When I came to the United States as a young man in my 20s, I came with a substantial bundle of documents testifying to my qualifications for legal residence.
There were X-rays and medical reports to prove my good health, police reports confirming I had no criminal record, bank records to prove my fiscal stability, and fingerprint records to prove I was who I said I was. When I arrived in New York on an ocean liner, I had, along with other immigrants, to undergo some stern questioning by immigration officials in the ship's saloon before I could disembark and set foot on American soil.
I was proud, in due course, to receive my green card asserting that I was a legal resident and allowed to work. When I left the country from time to time, I was happy, as required, to pay my income taxes up to that date to the folks at the Internal Revenue Service.
Later, when I proudly became an American citizen, I underwent quite a bit more scrutiny to prove that I could read and write English, understood the Constitution, knew who my elected officials were, and was not guilty of moral turpitude.
Still later, when I served for a time as an official in the United States government, there came a lot more intensive examination as steely-eyed FBI agents interviewed family and colleagues to determine whether there was anything in my background that would embarrass the president or render me unfit to handle state secrets.
So over the years I have undergone quite a bit of this official peering into my background, and I do not bridle at it. Nor do I object to others who want to become residents and citizens having to jump through similar hoops.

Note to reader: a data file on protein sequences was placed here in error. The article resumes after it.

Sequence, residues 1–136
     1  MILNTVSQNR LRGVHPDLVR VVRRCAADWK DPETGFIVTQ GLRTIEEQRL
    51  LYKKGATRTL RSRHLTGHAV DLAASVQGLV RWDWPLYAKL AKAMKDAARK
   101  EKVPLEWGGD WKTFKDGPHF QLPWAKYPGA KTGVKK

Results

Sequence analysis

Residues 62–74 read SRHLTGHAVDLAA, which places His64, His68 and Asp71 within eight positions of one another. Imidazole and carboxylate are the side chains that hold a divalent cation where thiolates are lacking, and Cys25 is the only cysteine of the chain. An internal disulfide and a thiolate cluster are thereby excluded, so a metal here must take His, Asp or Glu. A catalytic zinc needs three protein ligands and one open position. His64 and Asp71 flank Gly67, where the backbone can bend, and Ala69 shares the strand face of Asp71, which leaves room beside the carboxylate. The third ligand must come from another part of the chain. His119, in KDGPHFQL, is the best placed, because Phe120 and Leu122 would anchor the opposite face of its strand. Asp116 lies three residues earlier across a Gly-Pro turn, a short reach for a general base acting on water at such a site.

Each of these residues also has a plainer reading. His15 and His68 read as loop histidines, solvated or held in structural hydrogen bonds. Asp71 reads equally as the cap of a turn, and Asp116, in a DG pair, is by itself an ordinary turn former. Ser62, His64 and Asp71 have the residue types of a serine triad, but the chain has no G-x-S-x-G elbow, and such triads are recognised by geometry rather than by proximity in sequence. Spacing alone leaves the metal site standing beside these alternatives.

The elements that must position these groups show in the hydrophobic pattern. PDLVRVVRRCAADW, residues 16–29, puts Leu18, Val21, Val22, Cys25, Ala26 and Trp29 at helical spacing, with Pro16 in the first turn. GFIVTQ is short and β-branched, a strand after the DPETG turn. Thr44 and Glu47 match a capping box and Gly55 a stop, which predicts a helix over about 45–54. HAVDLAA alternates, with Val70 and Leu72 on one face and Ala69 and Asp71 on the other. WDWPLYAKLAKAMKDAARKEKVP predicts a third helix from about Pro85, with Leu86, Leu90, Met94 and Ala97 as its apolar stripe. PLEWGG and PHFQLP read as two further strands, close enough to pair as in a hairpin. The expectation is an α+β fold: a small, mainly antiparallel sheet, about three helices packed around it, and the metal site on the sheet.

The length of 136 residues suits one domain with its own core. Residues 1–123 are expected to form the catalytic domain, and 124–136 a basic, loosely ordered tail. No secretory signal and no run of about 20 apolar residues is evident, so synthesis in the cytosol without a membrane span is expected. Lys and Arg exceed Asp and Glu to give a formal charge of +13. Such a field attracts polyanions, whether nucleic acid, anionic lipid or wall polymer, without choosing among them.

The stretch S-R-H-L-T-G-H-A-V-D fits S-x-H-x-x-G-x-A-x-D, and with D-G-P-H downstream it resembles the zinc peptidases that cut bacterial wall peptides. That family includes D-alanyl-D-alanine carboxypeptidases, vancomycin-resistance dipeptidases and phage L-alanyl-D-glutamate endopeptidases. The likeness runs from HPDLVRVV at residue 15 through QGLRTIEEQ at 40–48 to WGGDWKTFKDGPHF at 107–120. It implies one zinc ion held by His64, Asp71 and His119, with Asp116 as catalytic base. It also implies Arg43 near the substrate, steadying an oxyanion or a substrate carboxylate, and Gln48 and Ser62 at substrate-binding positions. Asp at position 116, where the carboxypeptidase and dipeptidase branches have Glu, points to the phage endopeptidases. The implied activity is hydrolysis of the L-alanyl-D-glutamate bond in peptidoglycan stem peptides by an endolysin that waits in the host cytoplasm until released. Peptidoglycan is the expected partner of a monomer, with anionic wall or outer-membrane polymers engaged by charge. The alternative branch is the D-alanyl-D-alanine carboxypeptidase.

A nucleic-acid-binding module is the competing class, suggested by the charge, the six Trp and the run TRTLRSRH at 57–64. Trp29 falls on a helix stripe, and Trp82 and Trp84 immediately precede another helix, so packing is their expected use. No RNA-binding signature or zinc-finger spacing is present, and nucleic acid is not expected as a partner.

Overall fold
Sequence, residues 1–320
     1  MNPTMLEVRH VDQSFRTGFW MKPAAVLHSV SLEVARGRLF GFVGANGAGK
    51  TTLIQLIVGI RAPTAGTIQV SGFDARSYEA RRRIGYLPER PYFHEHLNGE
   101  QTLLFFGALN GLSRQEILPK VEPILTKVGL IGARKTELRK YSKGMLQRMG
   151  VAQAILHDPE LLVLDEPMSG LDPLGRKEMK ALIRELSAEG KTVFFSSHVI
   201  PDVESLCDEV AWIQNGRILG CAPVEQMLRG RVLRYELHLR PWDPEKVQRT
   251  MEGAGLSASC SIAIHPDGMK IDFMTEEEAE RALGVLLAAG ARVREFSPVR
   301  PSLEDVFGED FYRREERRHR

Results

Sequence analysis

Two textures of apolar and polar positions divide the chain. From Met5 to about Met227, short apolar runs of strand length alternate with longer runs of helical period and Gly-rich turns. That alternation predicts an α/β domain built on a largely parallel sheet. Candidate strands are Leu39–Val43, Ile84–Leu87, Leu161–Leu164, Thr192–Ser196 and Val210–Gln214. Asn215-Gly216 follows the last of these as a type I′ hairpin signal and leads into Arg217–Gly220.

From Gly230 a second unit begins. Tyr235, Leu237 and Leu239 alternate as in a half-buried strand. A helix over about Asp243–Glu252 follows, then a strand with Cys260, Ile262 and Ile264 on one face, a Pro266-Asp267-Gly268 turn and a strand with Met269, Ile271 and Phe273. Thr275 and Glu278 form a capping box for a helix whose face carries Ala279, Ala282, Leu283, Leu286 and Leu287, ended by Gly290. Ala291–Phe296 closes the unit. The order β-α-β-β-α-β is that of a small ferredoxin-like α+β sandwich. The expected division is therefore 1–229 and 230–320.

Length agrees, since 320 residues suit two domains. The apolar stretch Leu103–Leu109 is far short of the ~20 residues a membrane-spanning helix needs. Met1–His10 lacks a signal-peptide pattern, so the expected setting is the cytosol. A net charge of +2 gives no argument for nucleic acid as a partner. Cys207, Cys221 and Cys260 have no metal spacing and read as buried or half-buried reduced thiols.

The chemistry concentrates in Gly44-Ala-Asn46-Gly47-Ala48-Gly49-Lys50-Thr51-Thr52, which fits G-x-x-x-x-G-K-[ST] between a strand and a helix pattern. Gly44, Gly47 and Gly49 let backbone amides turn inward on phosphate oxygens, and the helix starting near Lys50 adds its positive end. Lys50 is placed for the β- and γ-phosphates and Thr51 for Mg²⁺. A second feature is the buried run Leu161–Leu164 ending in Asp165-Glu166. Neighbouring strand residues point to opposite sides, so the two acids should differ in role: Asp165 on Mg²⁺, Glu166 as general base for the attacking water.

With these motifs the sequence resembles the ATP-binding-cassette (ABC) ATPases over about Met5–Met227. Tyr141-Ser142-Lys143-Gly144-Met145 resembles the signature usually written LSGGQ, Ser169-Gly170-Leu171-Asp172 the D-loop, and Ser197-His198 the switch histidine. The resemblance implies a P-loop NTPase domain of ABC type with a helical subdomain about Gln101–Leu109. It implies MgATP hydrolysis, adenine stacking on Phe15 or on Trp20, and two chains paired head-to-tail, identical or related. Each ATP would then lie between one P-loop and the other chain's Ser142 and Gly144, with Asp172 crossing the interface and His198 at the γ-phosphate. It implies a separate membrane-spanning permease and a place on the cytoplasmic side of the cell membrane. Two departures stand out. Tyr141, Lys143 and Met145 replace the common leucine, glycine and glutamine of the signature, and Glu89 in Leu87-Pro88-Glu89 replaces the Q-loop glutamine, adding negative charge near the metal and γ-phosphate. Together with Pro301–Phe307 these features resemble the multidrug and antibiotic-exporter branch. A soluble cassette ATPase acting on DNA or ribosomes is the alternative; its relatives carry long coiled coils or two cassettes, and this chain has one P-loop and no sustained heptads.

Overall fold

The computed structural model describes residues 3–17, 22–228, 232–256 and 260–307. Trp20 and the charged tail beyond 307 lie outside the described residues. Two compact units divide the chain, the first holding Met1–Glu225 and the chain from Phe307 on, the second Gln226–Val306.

But you only have to look around you in this booming part of southern Utah, or the nearby states of Nevada, Arizona, New Mexico, California, and Colorado, to observe the large number of immigrants primarily from countries south of the US border who have not jumped through these hoops and are here illegally. They work on construction sites, and in fast food businesses, and they clean homes and offices, and in some states work in such numbers on farms and ranches that the agricultural system would be in dire straits without them. Generally they work for wages far below average. Some of these illegals have lived and worked here for years and have produced children who, because of their birthplace, are American citizens.
Many Americans say that this law-breaking influx of people across US borders must be ended. They are right to argue that borders must be better policed and that new arrivals should qualify for residence and ultimate citizenship as legally as millions of other new Americans have over the years.
But at the crux of the problem are the 12 million estimated illegal immigrants already in the US who have merged into the system. Some call for their deportation but this is an impractical solution. How could they be identified? How can 12 million people be physically transported to their original homelands? How can parents be torn away from children who have the right to remain in America? How could all this be paid for? And how could industries like agriculture survive without their cheap labor?
The immigration issue is a hot political issue for politicians. In a rock-solid Republican state like Utah, a five-term Republican House representative like Chris Cannon is facing opposition to his nomination for reelection largely because of his support for a guest-worker program for illegal workers.
The US Senate came close last week to producing a reasonable compromise bill that would have protected US borders yet rationalized the status of existing illegals by causing them to jump through a number of hoops ultimately qualifying them for citizenship. Though the Senate and House are far apart in their respective approaches to the problem, some Republican observers believe that had the Senate bill not been torpedoed by questionable political maneuvering, the House could have been persuaded to find common cause with the Senate.
With midterm elections looming this year, immigration threatens to become a major political issue. It should not be. It is a problem of such import that it requires statesmanship, not jousting for narrow political gain.
• John Hughes, a former editor of the Monitor, is editor and chief operating officer of the Deseret Morning News.